Yes, I am cheap (I like the terms economically-minded or at least, frugal). But that's not the reason I would prefer to stay with local people than in a hotel.
I learned how to make local dishes because I shopped at the fresh-food, open-air markets with Shamira and together we squatted over the charcoal stove, we chopped onions over bowls and stirred peas.
I learned two methods of making fresh juice because Warida showed me how to scoop out the passion fruit seeds and smash them over a mesh wire, while Shamira chopped mango slices and simply rung them out by hand in a cheese cloth.
Because I stayed with a local family I left with something better than souvenirs. I learned more of the language this way, including translating diabetic diet tips. I got to ride the regular public transit instead of taxis, having a random school boy fall asleep on my shoulder during his long commute home.
I played soccer with a group of local men on the worst soccer 'field' I have ever seen: trenches to dribble through, sand to attempt to take shots from and concrete with potholes to avoid breaking an ankle in.
I get wonderful experiences because I stay with families, I make new friends and I leave with memories I will cherish long after I forget why I took a picture of that flower or that building.
There are times when I will use hotels (honeymoon is a big one!) but on adventure trips? Please give me a local family that I can eat breakfast with, I can help wash dishes and we can together rinse out our hand-washed clothing. Because new friendships are so much better than an empty hotel room with a dust-free television set.
Flight to Kenya. All is well, I arrive in Nairobi airport to meet a friend of a friend whom I have spoken on the phone with three times, but have never seen a photo of.
I await, looking for a sign with my name on it among the arrivals crowd, and, seeing none, I take a seat at the cafe and wait.
After 30 minutes, I consider the arriving crowds: I am distinctly the only single, white female in the airport. Even taking into account the white couples, the only white woman I see has long grey hair and looks to be at minimum 50 years of age. There is no way my pick-up could possibly miss me.
Finally, I ask for a public phone and the nice gentleman behind the desk offers me his personal cellphone (after flirting with me and asking for my phone number, of course!). When my ride arrives 30 minutes after the phone call, he walks confidently up to the counter and greets the gentleman in a familiar manner.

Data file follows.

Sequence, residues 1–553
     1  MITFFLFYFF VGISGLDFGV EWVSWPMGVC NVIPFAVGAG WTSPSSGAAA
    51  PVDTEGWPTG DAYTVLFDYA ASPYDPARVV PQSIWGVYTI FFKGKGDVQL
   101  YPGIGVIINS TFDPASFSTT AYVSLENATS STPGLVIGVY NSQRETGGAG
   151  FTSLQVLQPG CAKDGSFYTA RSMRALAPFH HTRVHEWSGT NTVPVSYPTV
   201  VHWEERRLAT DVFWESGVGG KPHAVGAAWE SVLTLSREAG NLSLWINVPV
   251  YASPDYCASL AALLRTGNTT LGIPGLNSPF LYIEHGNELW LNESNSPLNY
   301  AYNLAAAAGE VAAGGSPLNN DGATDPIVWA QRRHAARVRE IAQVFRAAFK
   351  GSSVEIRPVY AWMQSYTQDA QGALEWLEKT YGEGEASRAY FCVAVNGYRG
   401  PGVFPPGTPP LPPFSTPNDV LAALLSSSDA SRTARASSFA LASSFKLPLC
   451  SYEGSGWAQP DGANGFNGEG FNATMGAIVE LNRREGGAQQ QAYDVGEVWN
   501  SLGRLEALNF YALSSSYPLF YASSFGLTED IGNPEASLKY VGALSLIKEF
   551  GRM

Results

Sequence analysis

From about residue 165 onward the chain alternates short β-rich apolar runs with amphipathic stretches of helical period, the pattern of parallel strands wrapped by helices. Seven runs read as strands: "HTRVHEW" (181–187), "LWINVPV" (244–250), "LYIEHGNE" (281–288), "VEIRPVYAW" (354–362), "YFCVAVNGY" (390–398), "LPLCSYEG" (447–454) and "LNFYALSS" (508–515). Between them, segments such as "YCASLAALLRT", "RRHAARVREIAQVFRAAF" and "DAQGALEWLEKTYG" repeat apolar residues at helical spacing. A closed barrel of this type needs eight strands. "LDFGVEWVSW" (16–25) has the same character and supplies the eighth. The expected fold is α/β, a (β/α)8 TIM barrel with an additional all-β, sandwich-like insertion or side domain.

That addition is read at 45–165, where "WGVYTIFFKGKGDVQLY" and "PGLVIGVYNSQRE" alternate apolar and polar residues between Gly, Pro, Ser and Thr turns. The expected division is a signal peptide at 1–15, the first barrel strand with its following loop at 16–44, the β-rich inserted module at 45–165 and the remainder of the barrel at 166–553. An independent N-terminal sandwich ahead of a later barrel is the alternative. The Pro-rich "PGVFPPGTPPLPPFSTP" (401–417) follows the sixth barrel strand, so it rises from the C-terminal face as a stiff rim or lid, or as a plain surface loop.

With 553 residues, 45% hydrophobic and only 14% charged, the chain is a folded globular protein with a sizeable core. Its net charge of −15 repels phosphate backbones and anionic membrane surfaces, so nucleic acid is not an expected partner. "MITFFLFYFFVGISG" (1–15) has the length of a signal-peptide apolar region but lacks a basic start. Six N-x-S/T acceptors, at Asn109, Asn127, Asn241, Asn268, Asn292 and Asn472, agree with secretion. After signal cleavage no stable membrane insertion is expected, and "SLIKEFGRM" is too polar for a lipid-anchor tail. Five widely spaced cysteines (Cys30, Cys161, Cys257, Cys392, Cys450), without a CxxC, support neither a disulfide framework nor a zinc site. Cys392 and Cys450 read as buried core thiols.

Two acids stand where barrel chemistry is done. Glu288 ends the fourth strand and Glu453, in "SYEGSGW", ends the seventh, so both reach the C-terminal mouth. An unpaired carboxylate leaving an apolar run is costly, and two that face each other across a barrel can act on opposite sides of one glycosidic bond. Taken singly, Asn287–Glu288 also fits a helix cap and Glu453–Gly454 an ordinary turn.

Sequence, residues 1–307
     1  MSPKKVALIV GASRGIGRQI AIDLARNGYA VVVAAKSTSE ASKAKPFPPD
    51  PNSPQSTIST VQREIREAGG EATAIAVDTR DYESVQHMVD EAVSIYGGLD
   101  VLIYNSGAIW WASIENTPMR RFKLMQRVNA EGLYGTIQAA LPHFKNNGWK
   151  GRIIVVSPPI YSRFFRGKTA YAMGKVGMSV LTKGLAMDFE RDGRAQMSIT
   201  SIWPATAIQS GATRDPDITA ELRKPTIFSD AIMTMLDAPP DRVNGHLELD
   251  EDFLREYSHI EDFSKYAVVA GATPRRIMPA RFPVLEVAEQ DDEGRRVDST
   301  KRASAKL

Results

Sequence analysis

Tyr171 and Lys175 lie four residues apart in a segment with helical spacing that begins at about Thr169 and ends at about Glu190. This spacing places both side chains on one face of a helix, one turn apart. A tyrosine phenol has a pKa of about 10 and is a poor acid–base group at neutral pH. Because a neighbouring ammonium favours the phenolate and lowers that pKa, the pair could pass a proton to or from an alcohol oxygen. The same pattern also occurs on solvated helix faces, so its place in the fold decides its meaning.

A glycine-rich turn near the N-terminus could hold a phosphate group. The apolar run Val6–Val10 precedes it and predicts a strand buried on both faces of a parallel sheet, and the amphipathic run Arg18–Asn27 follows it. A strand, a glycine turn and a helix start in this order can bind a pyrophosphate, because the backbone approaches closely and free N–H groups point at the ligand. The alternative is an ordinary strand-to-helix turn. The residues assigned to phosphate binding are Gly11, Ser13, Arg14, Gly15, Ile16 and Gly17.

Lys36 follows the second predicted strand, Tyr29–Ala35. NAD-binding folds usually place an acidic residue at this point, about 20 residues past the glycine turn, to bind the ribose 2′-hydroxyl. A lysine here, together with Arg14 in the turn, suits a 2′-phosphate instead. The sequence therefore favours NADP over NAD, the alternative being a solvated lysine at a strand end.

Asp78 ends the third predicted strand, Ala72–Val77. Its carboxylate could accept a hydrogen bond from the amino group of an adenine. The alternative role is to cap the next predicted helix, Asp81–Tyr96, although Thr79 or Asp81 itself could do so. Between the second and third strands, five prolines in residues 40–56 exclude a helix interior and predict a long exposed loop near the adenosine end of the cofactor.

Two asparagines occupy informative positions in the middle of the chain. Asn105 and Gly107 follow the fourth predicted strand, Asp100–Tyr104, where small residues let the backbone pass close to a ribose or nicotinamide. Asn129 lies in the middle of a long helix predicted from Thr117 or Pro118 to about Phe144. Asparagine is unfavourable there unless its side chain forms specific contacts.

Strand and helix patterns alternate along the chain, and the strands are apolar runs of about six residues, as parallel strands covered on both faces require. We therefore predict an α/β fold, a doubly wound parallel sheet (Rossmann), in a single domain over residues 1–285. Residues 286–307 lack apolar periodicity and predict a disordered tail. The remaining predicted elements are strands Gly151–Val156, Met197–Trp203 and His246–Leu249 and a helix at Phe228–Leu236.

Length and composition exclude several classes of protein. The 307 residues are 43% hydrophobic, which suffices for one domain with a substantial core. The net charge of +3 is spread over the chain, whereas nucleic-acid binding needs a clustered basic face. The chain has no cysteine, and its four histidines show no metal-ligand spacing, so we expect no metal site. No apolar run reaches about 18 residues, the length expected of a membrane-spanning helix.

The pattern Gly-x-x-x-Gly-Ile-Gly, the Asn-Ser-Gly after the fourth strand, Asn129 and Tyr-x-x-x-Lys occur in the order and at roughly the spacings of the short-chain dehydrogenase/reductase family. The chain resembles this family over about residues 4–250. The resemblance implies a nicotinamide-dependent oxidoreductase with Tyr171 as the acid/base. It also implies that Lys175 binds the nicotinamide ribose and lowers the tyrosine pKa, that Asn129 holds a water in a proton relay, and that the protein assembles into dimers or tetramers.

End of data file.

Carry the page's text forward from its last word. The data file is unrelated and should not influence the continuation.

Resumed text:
As it turns out, he knows most of the people who work at the airport as his import/export business has him at the airport 5 times or more a week. The gentleman who helped me even had my host's phone number! What a tiny world!
My host doesn't drive me home personally, instead, he sends me with his 'driver'. The drive takes 1 hr, 45 minutes from the airport to the apartment. That's for a 1 hr flight. The car ride tired me out more than flying to another country!
I arrive at the apartment and am greeted by a cheerful, spunky house girl.
I'm in a whirlwind.
I was hoping for running water and a toilet; I was happy to have a shower with hot water and constant electricity.
But a car and driver? A house girl who offered to wash my clothes and prepare tea for me? And my host offered me the use of one of his extra cellphones while I hang out around downtown Nairobi. And if the first cellphone he offered was too simple for me, I could use his Galaxy X if I would prefer, as he mostly uses his Iphone 4 for work purposes and the Galaxy is just for personal things (the small, simple phone was just fine with me). I definitely did not expect this!
Around 7 pm the younger brothers of my host arrive home. The house girl, Ann, and I giggle as she runs into the kitchen to hide and I stand at the entrance to the apartment and welcome them home.
They come one by one as there is a long staircase to climb and the smaller ones take longer to trek it. First is the 12 year old who does a double-take, re-checking the apartment number before giving me suspicious look and then politely shaking my hand. Then come the twins, 10 years each and not identical by any means. The first twin walks in and pulls his head back as he stares at me, checks the furniture to ensure this is indeed his home then silently takes my hand in greeting and retreats to his bedroom. The second twin acts similarly, turning his head around, getting his barrings and then quietly greeting me. The youngest, 8 runs up the stairs and is panting for breath. “Welcome home!” I call as I open the door. His eyes grow huge and his mouth hangs open. He looks all around and is only re-assured when the face of Ann pops up behind my back.
Jool, cousin to my host has made himself my personal tour guide and shows me downtown Nairobi; including a tour of his campus at the University of Nairobi and Central Park.
He then discloses one of the reasons why the little brothers were extra shy and surprised around me: the boys were joking with their older brother about why he didn't date or a have a girlfriend. Jool laughingly had said “Don't worry, his wife will come soon.”
I arrived the very next day.
Jool had to explain to the youngest that I was really NOT their brother's wife, although I had arrived just as he had jokingly promised. My host, too, laughed that the youngest brother, when asked who the visitor was, had responded “that is your new wife.” with absolute certainty.